Home Flowers A Guide to Planting Flower Seeds in a Backyard Garden

A Guide to Planting Flower Seeds in a Backyard Garden

Most home gardeners who are looking for a quick, colorful spring and summer garden choose to plant flower bulbs. This is because they not only grow the first season you plant them, but because they are perennials, they will continue to grow year after year as long as they’re watered and fed. But, if you’re planning to start a flower garden using flower seeds, you’ll need to put in a little more effort and patience. According to Eden Brothers, you’ll want to follow the advice in this guide to grow a stunning flower garden from seeds.

Advice for Annuals

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Annual flowers are those that must be planted each year, as they die after the growing season and do not regenerate the following spring. Some of the most popular annual flowers include petunias, marigolds, zinnias, verbenas, and geraniums. If you’re going to plant annual flower seeds, you’ll want to determine if you’re planting hardy or tender annuals because they need to be planted at different times. Hardy annuals should be planted in late fall or early winter so they can germinate over the winter and bloom in spring.

Tender annuals need to be planted at least six weeks after the last frost of the spring and will bloom in summer and early fall. These flowers will bloom later because they can’t be exposed to cold temperatures, so they can’t be planted until the weather turns consistently warm. It’s a good idea to plant both types of annuals for the best mix of flowers in your garden.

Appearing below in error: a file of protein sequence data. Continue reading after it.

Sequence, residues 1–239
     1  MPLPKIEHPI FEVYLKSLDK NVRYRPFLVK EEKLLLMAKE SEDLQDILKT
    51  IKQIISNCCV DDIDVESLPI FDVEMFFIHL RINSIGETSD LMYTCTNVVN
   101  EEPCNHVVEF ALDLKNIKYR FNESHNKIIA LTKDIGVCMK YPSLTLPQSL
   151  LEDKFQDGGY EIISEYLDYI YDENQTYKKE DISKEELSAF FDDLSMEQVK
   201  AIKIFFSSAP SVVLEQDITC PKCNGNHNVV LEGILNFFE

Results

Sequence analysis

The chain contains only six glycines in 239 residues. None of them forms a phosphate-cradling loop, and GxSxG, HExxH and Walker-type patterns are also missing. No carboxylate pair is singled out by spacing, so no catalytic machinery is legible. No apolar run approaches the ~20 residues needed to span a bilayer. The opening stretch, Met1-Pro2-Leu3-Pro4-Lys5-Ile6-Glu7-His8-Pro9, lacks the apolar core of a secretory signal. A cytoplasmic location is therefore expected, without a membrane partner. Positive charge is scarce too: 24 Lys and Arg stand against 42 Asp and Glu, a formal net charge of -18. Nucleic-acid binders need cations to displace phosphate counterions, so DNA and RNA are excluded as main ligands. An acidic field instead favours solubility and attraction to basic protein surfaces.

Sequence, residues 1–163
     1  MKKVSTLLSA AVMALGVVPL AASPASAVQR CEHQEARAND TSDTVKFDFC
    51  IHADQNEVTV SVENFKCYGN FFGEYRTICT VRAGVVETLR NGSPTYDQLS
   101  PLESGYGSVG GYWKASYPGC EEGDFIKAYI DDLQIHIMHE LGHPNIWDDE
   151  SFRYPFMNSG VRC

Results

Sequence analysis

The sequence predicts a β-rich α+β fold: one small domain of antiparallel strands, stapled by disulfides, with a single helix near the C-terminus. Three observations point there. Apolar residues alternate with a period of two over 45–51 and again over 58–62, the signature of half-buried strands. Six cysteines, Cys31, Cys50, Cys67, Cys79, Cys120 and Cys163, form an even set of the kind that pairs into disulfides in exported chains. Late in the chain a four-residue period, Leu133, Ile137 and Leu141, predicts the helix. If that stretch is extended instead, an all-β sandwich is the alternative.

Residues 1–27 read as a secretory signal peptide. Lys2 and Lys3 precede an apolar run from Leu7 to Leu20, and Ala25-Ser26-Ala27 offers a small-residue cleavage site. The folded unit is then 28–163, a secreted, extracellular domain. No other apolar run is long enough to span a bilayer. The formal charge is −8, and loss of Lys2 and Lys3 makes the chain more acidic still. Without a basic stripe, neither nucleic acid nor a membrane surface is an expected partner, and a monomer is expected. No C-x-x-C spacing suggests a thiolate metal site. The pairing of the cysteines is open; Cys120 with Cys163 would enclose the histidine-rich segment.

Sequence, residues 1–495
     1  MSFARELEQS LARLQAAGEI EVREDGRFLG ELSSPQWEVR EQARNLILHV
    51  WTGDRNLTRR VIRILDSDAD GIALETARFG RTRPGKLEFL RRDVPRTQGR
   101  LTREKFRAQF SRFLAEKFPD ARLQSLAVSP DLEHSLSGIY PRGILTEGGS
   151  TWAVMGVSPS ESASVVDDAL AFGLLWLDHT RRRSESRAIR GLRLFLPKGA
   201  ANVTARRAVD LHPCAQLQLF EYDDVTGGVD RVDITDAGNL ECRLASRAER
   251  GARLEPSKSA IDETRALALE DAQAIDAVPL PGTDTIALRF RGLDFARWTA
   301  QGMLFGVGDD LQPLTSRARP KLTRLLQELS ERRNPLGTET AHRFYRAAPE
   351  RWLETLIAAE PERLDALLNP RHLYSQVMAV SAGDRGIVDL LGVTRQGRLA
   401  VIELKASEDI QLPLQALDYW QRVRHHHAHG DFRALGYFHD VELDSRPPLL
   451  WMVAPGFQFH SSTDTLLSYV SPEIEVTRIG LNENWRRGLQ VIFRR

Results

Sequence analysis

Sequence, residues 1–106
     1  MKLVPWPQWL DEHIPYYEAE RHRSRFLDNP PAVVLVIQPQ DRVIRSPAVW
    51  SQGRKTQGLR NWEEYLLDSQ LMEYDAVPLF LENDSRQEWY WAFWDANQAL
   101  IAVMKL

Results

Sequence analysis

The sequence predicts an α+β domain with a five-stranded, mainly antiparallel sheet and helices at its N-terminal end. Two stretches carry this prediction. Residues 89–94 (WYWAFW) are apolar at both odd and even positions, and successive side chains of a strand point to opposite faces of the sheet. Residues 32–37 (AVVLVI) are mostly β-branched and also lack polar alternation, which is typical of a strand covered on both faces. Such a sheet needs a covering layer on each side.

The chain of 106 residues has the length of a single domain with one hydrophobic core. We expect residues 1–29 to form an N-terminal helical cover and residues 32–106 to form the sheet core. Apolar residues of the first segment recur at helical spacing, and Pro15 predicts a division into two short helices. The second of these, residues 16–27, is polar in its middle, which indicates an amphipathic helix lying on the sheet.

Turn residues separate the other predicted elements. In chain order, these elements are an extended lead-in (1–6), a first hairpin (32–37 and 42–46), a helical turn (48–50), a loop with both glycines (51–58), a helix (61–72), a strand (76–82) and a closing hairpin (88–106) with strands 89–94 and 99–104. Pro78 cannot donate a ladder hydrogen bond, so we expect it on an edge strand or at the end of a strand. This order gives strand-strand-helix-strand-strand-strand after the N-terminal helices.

Advice for Perennials

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If you want to give perennials flowers a chance to grow in the first spring after you plant them, you’ll need to put them in the ground in early fall. This will allow the seeds to develop a strong root system and give them enough time to germinate before growing and blooming in the spring. But, if you live in a climate that is exposed to harsh winters, you will have to wait until after the last frost in early spring to plant the seeds. Unfortunately, this won’t give your seeds enough time to germinate, so you probably won’t see blooms until the following spring.

You can also start seeds indoors and transfer them outside after the last frost passes. This will give your seeds a chance to grow and bloom the same year you plant them because you’ll want to start them inside at about eight weeks before the last frost instead of after. Seeds take about two weeks to germinate, so if they’re in a warm place as they get their start, you’ll probably see some blooms in late spring or early summer.

Soil Advice

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Your seeds should be planted in nutrient-rich, moist soil, as the moisture softens the hard shell around the embryonic plant inside the seed. If you start your seeds indoors, you’ll want to use soil specifically formulated with peat moss for starting seeds. Place the soil in a small pot or egg carton cups and plant the seeds just below the surface of the soil. The depth should be no more than three times the width of the seed. Make sure the soil remains moist over the next six-to-eight weeks before you carefully transfer them into your outdoor garden.